They say, that King Philip IV missed Vélasquez when the artist had to leave, and didn't trust anyone else to create his portraits. The king had the key to the studio of the court painter, to sometimes come and watch from the sidelines the master work. Vélasquez, one after another, received honorary but very exhausting posts - until he became the most important person in the palace - the Grand Marshal of the court. According to a beautiful legend, in the painting "Las Meninas" the symbol of the Order of Santiago on the costume of Vélasquez – a red cross – was painted by the king after the death of the artist. Diego himself was modest and did not boast of his knighthood.
1.2. Diego Vélasquez. Philip IV in Armour (fragment)
Unlike many sentimental artists who were passionately in love, the court painter Vélasquez painted the king and his children much more often than his own wife and daughter.
The Vélasquez spouses lived all their life in the palace, where grew their daughter, and Diego's son-in-law and pupil Juan Batista del Mazo inherited the artist's position at court. And here you can almost certainly say that only the merits of his father-in-law made this appointment possible.
John Constable, a portrait by Ramsay Richard Reinagle
John Constable's life is not at all the case when happiness itself falls out of the sky and remains forever. Love, family, skills, and success - all this was given to the artist by great effort, both mental and physical. But it makes the story only more wonderful.
It was a miracle that little John survived - just after his birth they baptized him as quickly as possible and, having come to terms with it, waited for the infant's imminent death. A miracle was also the persistence and perseverance with which Constable all his life painted unfashionable landscapes with rural churches, cottages and mills. The real glory came to Constable not in his homeland, but in France, where in the Salon his painting received a Gold medal, and the artist himself – hundreds of enthusiastic letters from the French with commissions. And then John made his own happy choice: it's better to have modest income in the homeland than wealth in a foreign land. He already tried to leave - nothing good came out of it.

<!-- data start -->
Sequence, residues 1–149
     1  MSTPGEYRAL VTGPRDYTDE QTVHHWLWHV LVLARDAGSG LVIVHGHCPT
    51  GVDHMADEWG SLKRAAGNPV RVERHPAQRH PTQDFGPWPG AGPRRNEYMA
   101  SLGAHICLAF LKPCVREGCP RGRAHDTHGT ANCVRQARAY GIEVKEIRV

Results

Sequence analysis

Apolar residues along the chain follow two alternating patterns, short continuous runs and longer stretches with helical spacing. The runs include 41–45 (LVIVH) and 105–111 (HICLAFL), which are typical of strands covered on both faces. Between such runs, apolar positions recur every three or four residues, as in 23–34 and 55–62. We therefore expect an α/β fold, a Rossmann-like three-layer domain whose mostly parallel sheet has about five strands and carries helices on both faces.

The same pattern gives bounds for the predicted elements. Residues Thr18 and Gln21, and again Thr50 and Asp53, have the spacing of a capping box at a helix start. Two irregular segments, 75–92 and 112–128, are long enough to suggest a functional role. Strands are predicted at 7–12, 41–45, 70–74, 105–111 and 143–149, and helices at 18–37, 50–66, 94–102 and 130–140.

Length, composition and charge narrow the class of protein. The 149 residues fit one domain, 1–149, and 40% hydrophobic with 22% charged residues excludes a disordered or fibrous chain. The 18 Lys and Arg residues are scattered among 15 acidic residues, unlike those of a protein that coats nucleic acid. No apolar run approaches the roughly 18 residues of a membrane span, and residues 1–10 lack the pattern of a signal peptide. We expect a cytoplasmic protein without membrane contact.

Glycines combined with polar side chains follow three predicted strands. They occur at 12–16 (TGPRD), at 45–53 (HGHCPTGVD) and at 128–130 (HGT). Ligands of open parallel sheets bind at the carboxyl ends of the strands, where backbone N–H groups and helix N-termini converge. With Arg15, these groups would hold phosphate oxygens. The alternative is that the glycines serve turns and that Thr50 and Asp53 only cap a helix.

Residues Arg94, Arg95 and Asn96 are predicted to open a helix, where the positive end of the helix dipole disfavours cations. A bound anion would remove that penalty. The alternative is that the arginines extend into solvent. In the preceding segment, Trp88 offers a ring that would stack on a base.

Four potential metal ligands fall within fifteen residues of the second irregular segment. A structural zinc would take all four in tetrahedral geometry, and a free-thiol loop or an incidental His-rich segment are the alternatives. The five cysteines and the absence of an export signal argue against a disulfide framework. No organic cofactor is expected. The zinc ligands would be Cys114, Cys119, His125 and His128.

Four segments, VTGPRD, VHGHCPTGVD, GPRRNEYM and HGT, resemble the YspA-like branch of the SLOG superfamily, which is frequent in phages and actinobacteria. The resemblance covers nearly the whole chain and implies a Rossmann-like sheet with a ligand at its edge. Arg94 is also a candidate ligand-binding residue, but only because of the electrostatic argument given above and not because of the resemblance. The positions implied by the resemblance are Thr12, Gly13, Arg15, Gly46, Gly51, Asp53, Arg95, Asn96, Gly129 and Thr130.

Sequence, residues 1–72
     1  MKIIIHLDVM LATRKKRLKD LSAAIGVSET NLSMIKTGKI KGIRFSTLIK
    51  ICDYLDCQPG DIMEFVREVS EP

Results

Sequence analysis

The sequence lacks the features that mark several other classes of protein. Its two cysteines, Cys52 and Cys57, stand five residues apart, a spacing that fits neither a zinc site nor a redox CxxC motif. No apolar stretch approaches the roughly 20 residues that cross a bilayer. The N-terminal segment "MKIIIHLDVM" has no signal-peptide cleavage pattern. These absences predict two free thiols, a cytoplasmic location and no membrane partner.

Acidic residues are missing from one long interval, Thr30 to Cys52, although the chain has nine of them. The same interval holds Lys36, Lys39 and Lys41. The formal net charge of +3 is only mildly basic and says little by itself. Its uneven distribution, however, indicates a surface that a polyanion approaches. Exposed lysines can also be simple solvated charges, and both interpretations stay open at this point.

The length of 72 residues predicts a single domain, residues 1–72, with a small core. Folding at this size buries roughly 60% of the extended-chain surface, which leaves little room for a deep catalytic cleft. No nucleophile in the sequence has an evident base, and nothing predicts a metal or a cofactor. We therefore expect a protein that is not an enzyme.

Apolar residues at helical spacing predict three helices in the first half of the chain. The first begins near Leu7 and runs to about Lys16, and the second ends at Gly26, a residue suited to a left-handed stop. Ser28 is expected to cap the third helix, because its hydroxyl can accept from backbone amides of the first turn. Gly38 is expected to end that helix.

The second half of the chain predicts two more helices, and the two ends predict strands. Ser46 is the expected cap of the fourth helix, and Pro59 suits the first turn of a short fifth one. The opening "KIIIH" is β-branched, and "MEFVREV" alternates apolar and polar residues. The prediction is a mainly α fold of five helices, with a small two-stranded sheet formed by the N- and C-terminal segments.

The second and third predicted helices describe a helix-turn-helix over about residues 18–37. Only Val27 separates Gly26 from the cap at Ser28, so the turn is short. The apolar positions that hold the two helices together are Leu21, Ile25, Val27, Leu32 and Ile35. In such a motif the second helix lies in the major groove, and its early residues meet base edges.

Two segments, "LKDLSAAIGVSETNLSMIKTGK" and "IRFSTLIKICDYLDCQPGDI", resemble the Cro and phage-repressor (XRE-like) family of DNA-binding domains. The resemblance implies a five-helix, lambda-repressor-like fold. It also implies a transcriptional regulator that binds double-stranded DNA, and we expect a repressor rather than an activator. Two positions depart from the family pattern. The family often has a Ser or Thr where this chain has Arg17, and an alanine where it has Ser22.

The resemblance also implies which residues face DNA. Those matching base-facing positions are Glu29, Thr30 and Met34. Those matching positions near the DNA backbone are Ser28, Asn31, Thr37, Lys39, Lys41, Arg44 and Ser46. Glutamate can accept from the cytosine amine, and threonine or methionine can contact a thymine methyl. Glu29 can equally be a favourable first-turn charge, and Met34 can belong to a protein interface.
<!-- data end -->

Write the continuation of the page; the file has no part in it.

Far from his native village, he seemed to have lost a powerful source of energy: the parents gave up hope for giving the boy a decent education - he felt sad and languished in the boarding school, and he was transferred to a rural school. Having started studying at The Royal Academy of Arts in London, he quickly got tired of the big city, refused the position of a drawing teacher – and returned home. Once he went on a trip to the southern port towns of England - and realized that the mountains depressed him. He always needed to go home.
1.2. John Constable. Maria Constable with Two of her Children (fragment)
Constable hated creating portraits and did that only to earn some money. But not in this case. Maria Bicknell, who became Madame Constable only after 7 years of hushed meetings and confrontation with inexorable parents, was the love of his life. The artist several times asked her parents for their daughter's hand in marriage, and was refused; then he married her secretly and presented the new relatives with a fait accompli. Having outlived his beloved nine years, he brought up the kids on his own and was in mourning for her for the rest of his life.
It was work that helped Constable to withstand the heaviest loss of his life – he delivered lectures to students of the Royal Academy of Fine Arts and more skillfully painted things that gave him strength. His homeland.
Renoir was really gifted, he could live rather wealthy earning by painting plates or curtains. Since his childhood, Auguste became the most skillful and lately the richest master in any craft workshop he came. In any way, he earned money for living and studying at Gleyre workshop by himself. And at 17 he bought the house for his parents.
Once when Renoir, confined to a wheelchair, was suggested a young assistant with good recommendations, he laughed. He was always surrounded only by women, devoted to him endlessly, tender and simple, not very clever but loving life. "I wasn't able to go yet, but already liked to paint women", - Renoir joked (he was rather witty).
Soft and shy, Auguste did not break the women's hearts, he waited calmly and patiently for the next sweettooth with shining white skin and a cat's gait. Aline Charigot was 20 years younger than Renoir, she knew little about art, but all the artists-friends gathered for her meals on Saturdays.
His wife Aline became the favourite model of Renoir and the mother of his three sons: Pierre, Jean and Claude.
Renoir's paintings were often exhibited at the Salon and even after the scandalous exhibitions of impressionists, critics scolded him less than others. He was a skilled portraitist, who could always find commissions. When he was young he often painted portraits of shopkeepers and their wives in exchange for food or new shoes, but it didn't last for too long. Renoir, who lived to the age of 78, managed to see his paintings in the Luxembourg Museum and the Louvre, became a Knight of the National Order of the Legion of Honour; at first he bought a family house in a suburb of Paris, and then a villa in Nice. He travelled a lot, all his life he was madly in love with his wife and he desperately worried about her death, and he raised beautiful children: Jean became a filmmaker and received an honorary prize Oscar in 1974, Pierre was an actor and Claude was a ceramic artist.
P.S. Happinnes exists. And there are no less successful and beloved artists in history than revolutionaries, notaries and kings. The evidences from the twentieth century will be presented in the second part coming soon.
Author: Anna Sidelnikova